British Cycling National Time Trial Championships 2016

Stockton-On-Tees

Dowsett, Simmonds And Davies Back Up Their Twenty-Fifteen Titles Here In Stockton-On-Tees In The National Time Trial Championships 2016 Defending champion Alex Dowsett [Movistar] successfully reclaims his Time Trial National Jersey in Stockton-On-Tees for an impressive fifth senior title. Setting the quickest first split, Dowsett was the odd-on favorite around the circuit through the High Street, along the Riverside and out of town before returning for another three laps. James Gullen [Pedal Heaven] posted the closest time for Silver over a minute down and Ryan Perry [Langdale Lightweights RT] the Bronze. Talking in-front of the assembled cheering crowd Dowsett praised Stockton Council on their circuit layout and organization.

The whole Town Centre aspect of time-trialing is really something quite incredible. (Last year’s circuit was on a partly closed circuit at Cadwell Park Racing circuit near Louth, Lincolnshire) The atmosphere was really great, even out of town there were a lot of people watching. I think the course suited the spectator crowd, so Stockton should be proud of what they put on today.

For me personally I paced it I’d say, as perfectly as I could.

The gap to second last year was a lot bigger. I’ve seen these guys at 10s this year and it’s great to see British time-trialing really coming up.

Alex Dowsett

British National Time Trial Champion 2016, Movistar

When Alex was asked about another hour record attempt in the near future:  I hope so, the bar has been set quite high by Wiggins (Bradley). I know I’m capable of it from the numbers from the last attempt. It’s just a question of when. 54k is not a distance to taking lightly. It’s a huge ask from my team [Movistar] as well to set it up. It takes months to set up. I can’t see it happening this year, but possibly for next year.

 

Hayley Simmonds successfully defended her first National title from twenty-fifteen backing up her win having spent most of the year riding abroad riding her first professional contract.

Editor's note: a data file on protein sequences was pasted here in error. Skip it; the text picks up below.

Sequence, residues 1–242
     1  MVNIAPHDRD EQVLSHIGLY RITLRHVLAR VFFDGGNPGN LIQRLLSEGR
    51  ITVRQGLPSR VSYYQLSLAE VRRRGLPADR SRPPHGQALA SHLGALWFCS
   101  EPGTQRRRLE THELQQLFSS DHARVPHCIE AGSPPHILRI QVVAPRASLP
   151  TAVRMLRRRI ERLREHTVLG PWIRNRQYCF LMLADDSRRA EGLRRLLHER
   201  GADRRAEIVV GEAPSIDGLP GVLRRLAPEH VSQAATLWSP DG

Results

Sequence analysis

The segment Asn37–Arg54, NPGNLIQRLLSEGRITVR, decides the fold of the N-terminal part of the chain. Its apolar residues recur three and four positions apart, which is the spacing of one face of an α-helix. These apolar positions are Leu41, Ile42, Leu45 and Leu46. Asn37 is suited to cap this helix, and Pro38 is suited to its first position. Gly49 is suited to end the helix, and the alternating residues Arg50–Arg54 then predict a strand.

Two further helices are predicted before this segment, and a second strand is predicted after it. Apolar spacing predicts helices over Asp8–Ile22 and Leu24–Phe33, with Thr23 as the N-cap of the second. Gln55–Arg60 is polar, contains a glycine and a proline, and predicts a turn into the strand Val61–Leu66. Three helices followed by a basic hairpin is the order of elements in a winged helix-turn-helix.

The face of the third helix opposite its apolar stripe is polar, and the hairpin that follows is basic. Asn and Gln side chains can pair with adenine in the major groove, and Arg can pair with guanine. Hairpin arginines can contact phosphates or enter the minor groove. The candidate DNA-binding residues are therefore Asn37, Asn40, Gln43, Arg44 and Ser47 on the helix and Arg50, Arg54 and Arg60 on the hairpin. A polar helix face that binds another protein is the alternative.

Back on her beloved Cervelo P5, Simmonds put over half a minute on her closest on-form rival Claire Rose [Podium Ambition p/b Club La Santa] who took Silver, with Team-mate Dame Sarah Storey close behind for Bronze.

Cycling Shorts: What have you been up to recently?

SimmondsWith-in the last couple of weeks I’ve recently changed Teams. I was riding professionally for Unitedhealthcare, I made the decision when they offered me, to be let out of my contract, so I accepted that. I made the decision to ride for Aerocoach. 

It was a really hard decision to leave the team. I had to weigh-up in my mind, was I prepared to potentially sacrifice defending my title today to remain on the team.

I decided that I wasn’t and that defending my title today probably meant more to me.

I want to return to a UCI team, I want to be a professional bike rider.

Hopefully I’ll be able to find a UCI team for next year.

I’m lucky that I managed to find some guest rides in UCI races for the later part of the year. So I will still be keeping my hand in UCI races.

Cycling Shorts: How did you find the course here in Stockton-On-Tees and did it suit you?

SimmondsI didn’t think it suited me. When I looked at the course before, I didn’t think it suited me as much as last year’s course did. But it was a good course. It was a really interesting course. It was a course of two parts.

It had a technical bit in the town centre and the dual carriageway section that was more of a traditional time trial course.

The bit in the town centre was actually really good in terms of support from local people and I was lucky enough to meet some of the local people a couple of weeks ago when I first came to look at the course.

The support was great and yeh! It suited me enough.

 

Interview – Hayley Simmonds 2016 National TT Champion by Cycling Shorts

Haley Simmonds talks to CyclingShorts.cc writer / Photographer Chris Maher after taking the 2016 National TT Champion title in Stockton.

In the U23 Time Trial, Scott Davies [Team Wiggins] also defended his twenty-fifteen title beating Tao Geoghegen Hart [Axeon Hagens Berman CT] for Silver by nineteen seconds with Gabriel Cullaigh [100%ME] a further thirty seconds back off the pace.

  1.  40 Davies Scott Team Wiggins 44: 44:10.43
  2.  39 Geoghegan Hart Tao Axeon Hagens Berman CT 44:29.81 @9.38
  3.  34 Cullaigh Gabriel 100% ME 44:40.24 @29.81
  4.  35 Hetherington Ben Planet X – Northside Cycling 44:[email protected]
  5.  38 Baylis Thomas One Pro Cycling 44:53.39 @42.96
  6.  37 Shaw James Lotto Soudal U23 45:12.22 @01:01.8
  7.  12 Fry Joseph Pedal Heaven 45:24.97 @01:14.5
  8.  28 Kelly Jake Team Wiggins 45:42.33 @01:31.8
  9.  36 Stewart Mark 100% ME 45:54.37 @01:43.9
  10.  30 Latham Christopher Team Wiggins 45:54.60 @01:44.2